VATICAN CITY, DEC. 17, 2008 (Zenit.org).- Here are translations of synodal propositions 51-55, which were submitted to Benedict XVI at the end of the world Synod of Bishops on the “Word of God in the Life and Mission of the Church,” held in October at the Vatican.
ZENIT has published all 55 propositions of the synod.
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Paul VI called the Holy Land the “Fifth Gospel.” The synod recommends pilgrimages and, if possible, the study of the sacred Scriptures in the Holy Land, and following in the steps of St. Paul. Through this experience, pilgrims and students will be able to understand better the physical and geographical environment of the Scriptures and especially the relation between the two Testaments. The stones on which Jesus walked could become for them stones of living memory. In the meantime, Christians in the Holy Land need the communion of all Christians, especially in these days of conflict, poverty and fear.
Dialogue between Christians and Jews
The dialogue between Christians and Jews belongs to the nature of the Church. Faithful to his promises, God does not revoke the Old Covenant (cf. Romans 9 and 11). Jesus of Nazareth was a Jew and the Holy Land is the motherland of the Church. Christians and Jews share the Scriptures of the Jewish people, which Christians call the Old Testament. As Abraham’s descendants, Jews and Christians can be a source of blessing for humanity (cf. Genesis 17:4-5).
Jewish understanding of the Bible can help Christians in the understanding and study of the Scriptures.
Christian biblical interpretation is based on the unity of the two Testaments in Jesus, Word made flesh. He realizes in his person the full meaning of the Scriptures with continuity and discontinuity as regards the inspired books of the Jewish people.
It is suggested that episcopal conferences promote meetings and dialogues between Jews and Christians.
Dialogue between Christians and Muslims
“The Church also looks with esteem at Muslims that adore the one God” (NA, 3). They refer to Abraham and render worship to God above all with prayer, alms and fasting. Dialogue with them allows for better knowledge of one another and collaboration in promoting ethical and spiritual values.
In this dialogue, the synod stresses the importance of respect for life, human rights and women’s rights, as well as the distinction between the socio-political order and the religious order in the promotion of justice and peace in the world. Another important topic in this dialogue is reciprocity and freedom of conscience and religion.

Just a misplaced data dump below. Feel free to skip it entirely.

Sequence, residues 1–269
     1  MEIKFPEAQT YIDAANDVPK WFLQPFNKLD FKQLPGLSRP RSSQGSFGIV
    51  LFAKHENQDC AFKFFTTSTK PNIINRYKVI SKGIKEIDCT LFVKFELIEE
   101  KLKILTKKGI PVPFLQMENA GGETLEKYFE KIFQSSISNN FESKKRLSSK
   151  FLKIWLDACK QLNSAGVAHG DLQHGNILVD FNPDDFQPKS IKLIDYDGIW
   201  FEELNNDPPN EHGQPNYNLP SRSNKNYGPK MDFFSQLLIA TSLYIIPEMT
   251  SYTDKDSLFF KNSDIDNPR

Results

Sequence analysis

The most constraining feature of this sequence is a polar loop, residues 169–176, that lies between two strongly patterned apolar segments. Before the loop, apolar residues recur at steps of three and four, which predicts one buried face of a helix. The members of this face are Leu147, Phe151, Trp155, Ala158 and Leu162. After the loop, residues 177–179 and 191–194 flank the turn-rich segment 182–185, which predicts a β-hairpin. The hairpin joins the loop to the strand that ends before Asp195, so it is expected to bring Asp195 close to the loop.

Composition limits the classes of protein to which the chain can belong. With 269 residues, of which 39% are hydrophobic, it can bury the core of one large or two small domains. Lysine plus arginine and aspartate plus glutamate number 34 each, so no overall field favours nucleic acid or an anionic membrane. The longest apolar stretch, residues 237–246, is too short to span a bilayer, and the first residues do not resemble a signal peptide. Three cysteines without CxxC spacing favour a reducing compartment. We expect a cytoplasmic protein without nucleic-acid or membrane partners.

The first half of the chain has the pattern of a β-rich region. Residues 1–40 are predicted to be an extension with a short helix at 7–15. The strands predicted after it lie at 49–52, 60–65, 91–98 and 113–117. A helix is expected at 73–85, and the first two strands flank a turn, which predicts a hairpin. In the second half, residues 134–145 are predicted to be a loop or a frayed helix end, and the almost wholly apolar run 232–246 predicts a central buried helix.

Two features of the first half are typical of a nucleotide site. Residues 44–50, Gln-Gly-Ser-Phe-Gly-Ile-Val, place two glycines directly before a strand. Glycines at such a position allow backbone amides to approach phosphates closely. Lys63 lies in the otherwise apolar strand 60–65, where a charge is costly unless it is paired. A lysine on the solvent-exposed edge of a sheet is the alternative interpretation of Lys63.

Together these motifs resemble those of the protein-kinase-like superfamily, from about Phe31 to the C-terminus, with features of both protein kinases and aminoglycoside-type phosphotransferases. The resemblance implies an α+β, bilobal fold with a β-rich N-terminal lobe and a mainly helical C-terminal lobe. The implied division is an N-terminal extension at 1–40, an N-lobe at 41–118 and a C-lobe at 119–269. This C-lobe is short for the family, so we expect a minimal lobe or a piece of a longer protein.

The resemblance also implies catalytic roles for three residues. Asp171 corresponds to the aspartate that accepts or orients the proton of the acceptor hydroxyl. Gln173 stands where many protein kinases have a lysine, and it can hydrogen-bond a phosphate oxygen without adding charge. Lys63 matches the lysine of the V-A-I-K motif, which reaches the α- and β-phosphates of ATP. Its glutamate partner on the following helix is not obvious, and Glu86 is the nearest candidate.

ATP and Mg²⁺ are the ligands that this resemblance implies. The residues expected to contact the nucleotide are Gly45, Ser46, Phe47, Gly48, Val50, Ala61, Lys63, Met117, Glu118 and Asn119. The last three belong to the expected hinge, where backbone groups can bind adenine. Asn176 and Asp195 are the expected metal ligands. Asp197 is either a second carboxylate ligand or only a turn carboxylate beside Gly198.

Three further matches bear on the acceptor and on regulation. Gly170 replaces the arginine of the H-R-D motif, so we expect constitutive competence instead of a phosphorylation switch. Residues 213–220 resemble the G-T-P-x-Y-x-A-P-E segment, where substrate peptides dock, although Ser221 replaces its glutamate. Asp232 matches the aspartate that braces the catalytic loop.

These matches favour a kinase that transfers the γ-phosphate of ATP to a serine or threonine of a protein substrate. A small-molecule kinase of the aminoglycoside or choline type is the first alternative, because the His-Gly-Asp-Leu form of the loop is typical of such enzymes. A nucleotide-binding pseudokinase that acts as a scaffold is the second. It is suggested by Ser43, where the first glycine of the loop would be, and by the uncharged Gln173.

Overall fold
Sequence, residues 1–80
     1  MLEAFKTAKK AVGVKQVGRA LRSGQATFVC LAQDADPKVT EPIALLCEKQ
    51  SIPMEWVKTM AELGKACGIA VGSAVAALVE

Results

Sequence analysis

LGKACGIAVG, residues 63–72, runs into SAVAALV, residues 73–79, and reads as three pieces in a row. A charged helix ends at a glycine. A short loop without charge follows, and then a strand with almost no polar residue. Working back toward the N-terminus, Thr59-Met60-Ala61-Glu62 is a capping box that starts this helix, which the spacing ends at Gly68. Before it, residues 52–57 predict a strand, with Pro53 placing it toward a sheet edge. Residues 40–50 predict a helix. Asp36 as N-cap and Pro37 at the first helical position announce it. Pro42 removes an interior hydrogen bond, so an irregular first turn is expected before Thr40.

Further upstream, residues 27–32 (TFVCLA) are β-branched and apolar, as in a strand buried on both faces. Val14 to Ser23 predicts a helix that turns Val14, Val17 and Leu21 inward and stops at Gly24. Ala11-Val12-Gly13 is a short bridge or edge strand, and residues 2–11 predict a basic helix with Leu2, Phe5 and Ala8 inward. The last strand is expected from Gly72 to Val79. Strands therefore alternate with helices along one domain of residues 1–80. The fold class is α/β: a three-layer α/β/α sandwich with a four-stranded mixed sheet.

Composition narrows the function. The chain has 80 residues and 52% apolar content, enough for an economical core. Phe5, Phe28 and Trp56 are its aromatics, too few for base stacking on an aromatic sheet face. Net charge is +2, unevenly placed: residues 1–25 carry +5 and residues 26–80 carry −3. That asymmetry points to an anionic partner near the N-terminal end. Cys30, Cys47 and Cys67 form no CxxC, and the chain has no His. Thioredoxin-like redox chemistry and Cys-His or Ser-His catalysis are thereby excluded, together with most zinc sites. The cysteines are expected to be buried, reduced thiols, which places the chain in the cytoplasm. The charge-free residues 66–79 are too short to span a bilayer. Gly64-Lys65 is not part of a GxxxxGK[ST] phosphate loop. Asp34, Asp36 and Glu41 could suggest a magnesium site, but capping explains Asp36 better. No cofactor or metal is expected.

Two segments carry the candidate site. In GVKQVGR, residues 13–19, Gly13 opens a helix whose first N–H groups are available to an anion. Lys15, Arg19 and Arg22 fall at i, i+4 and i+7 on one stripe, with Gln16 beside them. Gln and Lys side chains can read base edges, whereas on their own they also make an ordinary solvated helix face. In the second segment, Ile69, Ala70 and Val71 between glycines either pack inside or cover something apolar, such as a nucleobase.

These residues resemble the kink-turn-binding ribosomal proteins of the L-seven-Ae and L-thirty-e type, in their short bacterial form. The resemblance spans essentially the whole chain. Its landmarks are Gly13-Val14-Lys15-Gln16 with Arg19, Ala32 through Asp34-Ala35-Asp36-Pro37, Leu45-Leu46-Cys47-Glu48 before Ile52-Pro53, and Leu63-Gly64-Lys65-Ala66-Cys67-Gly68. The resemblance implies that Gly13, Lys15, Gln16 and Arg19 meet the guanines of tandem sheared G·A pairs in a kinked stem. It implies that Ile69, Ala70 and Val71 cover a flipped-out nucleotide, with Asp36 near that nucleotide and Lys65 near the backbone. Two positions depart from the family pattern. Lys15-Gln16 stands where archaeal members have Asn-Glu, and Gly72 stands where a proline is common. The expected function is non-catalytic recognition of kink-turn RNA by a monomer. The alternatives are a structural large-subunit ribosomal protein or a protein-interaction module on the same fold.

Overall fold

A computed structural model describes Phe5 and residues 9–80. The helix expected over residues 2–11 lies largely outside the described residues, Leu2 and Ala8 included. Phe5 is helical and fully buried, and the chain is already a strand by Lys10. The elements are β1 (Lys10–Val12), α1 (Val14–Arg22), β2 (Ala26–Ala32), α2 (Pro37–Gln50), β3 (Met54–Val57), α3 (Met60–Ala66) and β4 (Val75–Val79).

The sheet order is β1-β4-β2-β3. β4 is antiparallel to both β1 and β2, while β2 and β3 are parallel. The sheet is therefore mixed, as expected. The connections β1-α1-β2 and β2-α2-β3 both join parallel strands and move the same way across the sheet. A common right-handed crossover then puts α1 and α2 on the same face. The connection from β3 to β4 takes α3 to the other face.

It is suggested to the episcopal conferences of countries where it is beneficial to promote circles of dialogue between Christians and Muslims.
Cosmic dimensions of the Word of God and custody of creation
The Word of God communicates to us the beauty of God through the beauty of creation and also through sacred images, such as icons of the incarnate Word. They are modalities with which the invisible mystery of God is in some way made visible and perceptible to our senses. The Fathers of the Church, moreover, always affirmed the cosmic dimensions of the Word of God made flesh; each creature bears in a certain sense a sign of the Word of God. In Jesus Christ, dead and risen, all created things find definitive recapitulation (cf. Ephesians 1:10). All things and persons, therefore, are called to be good and beautiful in Christ.
Sadly, the man of our time has lost the habit of contemplating the Word of God in the world he inhabits that has been given by God. Hence, the rediscovery of the Word of God, in all its dimensions, impels us to denounce all the actions of contemporary man that do not respect nature as creation.
To receive the Word of God attested in sacred Scripture and in the living Tradition of the Church generates a new way of seeing things, promoting a genuine ecology, which has its deepest root in the obedience of the faith that receives the Word of God. Hence, we hope that, in the pastoral action of the Church, commitment in favor of the safeguarding of creation will be intensified, developing a renewed theological sensibility to the goodness of all things created in Christ, Word of God incarnate.
Mary “Mater Dei” and “Mater Fidei”
The synod, whose intention is above all to renew the faith of the Church in the Word of God, looks at Mary, the Virgin Mother of the Word Incarnate, who with her yes to the Word of the Covenant and to its mission, perfectly fulfills humanity’s divine vocation. The Synodal Fathers suggests the dissemination of the Angelus prayer among the faithful, daily memorial of the Word Incarnate and of the Rosary.
The Church of the New Testament lives where the Word Incarnate is received, loved and served in full availability to the Holy Spirit. Mary’s faith then develops in the love with which it accompanies the Incarnate Word’s growth and mission. Under the Son’s cross, faith and love become the hope with which Mary accepts to become the Mother of the beloved disciple and of redeemed humanity.
Devout and loving attention to Mary’s figure, as model and archetype of the Church’s faith, is of capital importance to realize also today a concrete change of paradigm in the relation of the Church with the Word, both in the posture of prayerful listening as well as generosity in the commitment to the mission and the proclamation. The synodal fathers, united to the Holy Father in prayer so that the synod “will carry fruits of genuine renewal to each Christian community” (Benedict XVI, Angelus in Pompeii, Oct. 19, 2008), invite pastors and faithful to look at Mary and ask the Holy Spirit for the grace of a lively faith in the Word of God made flesh.[Translation by ZENIT]